class Credential
  include ActiveModel::Validations

  validate :user_exists, :unless => :errors?


  def errors?

  def user
    @user ||= User.by_screen_name(screen_name).where({
      :oauth_token  => oauth_token,
      :oauth_secret => oauth_secret

  def user_exists
    errors.add(:user, 'not found') unless user.present?

Validation will fail if the user does not exist and, if it does, will be loaded into an instance variable to be used later.

Create a Device

Now that I have a user, I can combine it with additional attributes (token and description from the controller parameters). I’ll add those to our attributes and create the device if all goes well:

class Credential
  include ActiveModel::Validations

  attr_accessor :screen_name, :oauth_token, :oauth_secret, :token, :description

  def save
    valid? && create_device


  def create_device
    @device = Device.find_or_create_by_token!({
      :token       => token,
      :description => description,
      :user_id     =>

I store the created device in an instance variable to handle the last part:

Responding in a Meaningful Way

I can now make the Credential resource responsible for its own response:

class Credential
  def as_json(options = {})
    {:api_key => @device.api_key}

This handles the case where the controller responds successfully – I will continue to leave the error response as a responsibility of the controller.

Tying it Together

In order to have this code fit neatly into a controller action, I need to tweak the API for my resource a bit:

class Credential
  def initialize(attributes = {})
    attributes.each {|k, v| set_recognized_attribute(k, v) }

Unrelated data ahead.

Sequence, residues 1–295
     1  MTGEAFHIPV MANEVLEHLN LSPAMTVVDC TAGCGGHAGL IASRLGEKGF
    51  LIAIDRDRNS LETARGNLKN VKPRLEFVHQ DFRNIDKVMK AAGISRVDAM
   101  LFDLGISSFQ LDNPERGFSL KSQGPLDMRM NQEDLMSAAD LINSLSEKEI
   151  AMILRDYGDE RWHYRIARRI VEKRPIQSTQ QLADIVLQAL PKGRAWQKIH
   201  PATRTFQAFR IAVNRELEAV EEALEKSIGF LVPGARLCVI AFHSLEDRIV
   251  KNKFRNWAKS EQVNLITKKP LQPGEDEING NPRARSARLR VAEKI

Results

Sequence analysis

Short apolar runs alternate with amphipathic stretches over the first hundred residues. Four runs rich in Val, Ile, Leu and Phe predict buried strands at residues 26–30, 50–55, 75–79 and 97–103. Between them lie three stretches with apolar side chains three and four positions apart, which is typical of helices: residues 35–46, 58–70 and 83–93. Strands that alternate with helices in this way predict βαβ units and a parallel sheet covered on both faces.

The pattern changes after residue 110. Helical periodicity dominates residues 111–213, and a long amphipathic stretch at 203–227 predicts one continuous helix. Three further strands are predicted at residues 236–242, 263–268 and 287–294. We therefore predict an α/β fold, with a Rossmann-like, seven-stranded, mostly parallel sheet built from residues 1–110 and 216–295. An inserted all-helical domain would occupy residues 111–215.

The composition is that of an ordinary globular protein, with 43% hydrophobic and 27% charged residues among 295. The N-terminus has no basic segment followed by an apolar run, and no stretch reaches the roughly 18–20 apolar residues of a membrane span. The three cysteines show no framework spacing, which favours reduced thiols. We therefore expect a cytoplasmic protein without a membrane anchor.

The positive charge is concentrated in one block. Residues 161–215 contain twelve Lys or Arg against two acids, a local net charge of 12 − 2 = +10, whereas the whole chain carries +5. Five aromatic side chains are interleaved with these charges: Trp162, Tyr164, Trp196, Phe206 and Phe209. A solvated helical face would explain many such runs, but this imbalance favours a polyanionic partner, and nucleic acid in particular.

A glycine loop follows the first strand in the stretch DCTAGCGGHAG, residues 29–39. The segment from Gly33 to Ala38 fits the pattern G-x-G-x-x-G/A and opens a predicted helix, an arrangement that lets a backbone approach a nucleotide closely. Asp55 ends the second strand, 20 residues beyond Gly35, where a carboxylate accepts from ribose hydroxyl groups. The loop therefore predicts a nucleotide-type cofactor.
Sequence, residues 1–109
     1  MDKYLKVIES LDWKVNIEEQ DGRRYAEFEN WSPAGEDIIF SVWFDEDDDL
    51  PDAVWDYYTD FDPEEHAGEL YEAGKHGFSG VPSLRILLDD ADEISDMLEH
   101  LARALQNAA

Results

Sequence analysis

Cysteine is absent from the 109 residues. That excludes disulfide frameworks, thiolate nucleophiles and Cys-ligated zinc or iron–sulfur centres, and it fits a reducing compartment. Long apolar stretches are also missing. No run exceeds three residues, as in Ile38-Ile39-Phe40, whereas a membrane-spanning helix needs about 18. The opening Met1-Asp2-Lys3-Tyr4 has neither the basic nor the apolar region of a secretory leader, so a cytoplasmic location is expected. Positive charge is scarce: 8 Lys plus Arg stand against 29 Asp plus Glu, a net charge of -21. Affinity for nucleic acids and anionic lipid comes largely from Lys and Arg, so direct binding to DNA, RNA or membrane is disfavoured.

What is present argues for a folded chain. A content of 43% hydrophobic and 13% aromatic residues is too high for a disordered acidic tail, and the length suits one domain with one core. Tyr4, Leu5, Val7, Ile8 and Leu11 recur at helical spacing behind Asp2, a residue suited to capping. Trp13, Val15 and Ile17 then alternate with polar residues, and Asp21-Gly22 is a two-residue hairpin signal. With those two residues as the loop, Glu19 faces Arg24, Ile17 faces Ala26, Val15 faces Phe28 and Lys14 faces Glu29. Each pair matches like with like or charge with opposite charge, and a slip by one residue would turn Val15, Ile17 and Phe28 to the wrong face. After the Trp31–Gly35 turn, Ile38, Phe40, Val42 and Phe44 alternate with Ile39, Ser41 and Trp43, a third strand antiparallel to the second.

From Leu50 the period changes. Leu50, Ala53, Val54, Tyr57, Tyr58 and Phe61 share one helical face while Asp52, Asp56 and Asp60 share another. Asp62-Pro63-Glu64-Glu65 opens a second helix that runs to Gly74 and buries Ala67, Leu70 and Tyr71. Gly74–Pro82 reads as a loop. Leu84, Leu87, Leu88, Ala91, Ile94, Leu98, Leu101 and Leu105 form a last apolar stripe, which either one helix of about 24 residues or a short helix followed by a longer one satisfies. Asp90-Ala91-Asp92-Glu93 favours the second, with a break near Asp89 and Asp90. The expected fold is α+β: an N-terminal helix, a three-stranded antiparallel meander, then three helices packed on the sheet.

def set_recognized_attribute(name, value)
    setter_method = "#{name}="
    self.send(setter_method, value) if respond_to?(setter_method)

This allows me to just pass parameters that I care about from the controller to my resource since Rails likes to add additional key/value pairs to this collection (e.g. action and controller). Reworking the controller is now a simple matter and resembles what should just be boilerplate controller code:

class CredentialsController < ApplicationController
  def create
    credential =
      render :json => credential
      render :json => {:error => errors_for(credential)}, :status => :unprocessable_entity


  def errors_for(object) {|k, m| "#{k} #{m}" }

You’ll notice the API change that I mentioned earlier – my Credential resource now has a collection of errors due to how ActiveModel validations work. While this is a departure from the original example, I think that this is a subtle improvement that makes the API more user-friendly during debugging.


When solving a particular problem in an OO language, it often makes sense to take a step back and think about the conceptual entities involved and how they collaborate with one another. By adhering to some basic design principles, notably the separation of concerns and encapsulation, we have a solution that is easier to understand and maintain.

The resulting code from this refactoring is available as a gist.

Patrick is development director in Viget's Boulder, CO, office. He writes clean Ruby code and automates system infrastructure for clients such as Shure and Volunteers of America.